7 October 2014 Propagation of light through ship exhaust plumes
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Abstract
Looking through the atmosphere, it is sometimes difficult to see the details of an object. Effects like scintillation and blur are the cause of these difficulties. Exhaust plumes of e.g. a ship can cause extreme scintillation and blur, making it even harder to see the details of what lies behind the plume. Exhaust plumes come in different shapes, sizes, and opaqueness and depending on atmospheric parameters like wind speed and direction, as well as engine settings (power, gas or diesel, etc.). A CFD model is used to determine the plume’s flow field outside the stack on the basis of exhaust flow properties, the interaction with the superstructure of the ship, the meteorological conditions and the interaction of ship’s motion and atmospheric wind fields. A modified version of the NIRATAM code performs the gas radiation calculations and provides the radiant intensity of the (hot) exhaust gases and the transmission of the atmosphere around the plume is modeled with MODTRAN. This allows assessing the irradiance of a sensor positioned at some distance from the ship and its plume, as function of the conditions that influence the spatial distribution and thermal properties of the plume. Furthermore, an assessment can be made of the probability of detecting objects behind the plume. This plume module will be incorporated in the TNO EOSTAR-model, which provides estimates of detection range and image quality of EO-sensors under varying meteorological conditions.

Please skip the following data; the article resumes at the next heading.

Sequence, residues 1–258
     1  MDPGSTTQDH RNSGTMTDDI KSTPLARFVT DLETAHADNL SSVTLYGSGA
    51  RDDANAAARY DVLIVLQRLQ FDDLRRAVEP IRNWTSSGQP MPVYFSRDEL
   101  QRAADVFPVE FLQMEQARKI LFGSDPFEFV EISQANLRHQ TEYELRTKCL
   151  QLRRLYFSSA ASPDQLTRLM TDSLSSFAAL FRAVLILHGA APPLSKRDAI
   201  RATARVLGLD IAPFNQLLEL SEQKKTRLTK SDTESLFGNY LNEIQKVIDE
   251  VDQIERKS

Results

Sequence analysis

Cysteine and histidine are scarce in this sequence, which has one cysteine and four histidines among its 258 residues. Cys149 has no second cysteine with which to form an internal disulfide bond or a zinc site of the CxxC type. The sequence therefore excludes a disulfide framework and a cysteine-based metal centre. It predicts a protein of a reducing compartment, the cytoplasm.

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M. van Iersel, A. Mack, A. M. J. van Eijk, H. M. A. Schleijpen, "Propagation of light through ship exhaust plumes", Proc. SPIE 9224, Laser Communication and Propagation through the Atmosphere and Oceans III, 92240T (7 October 2014); doi: 10.1117/12.2063372; https://doi.org/10.1117/12.2063372
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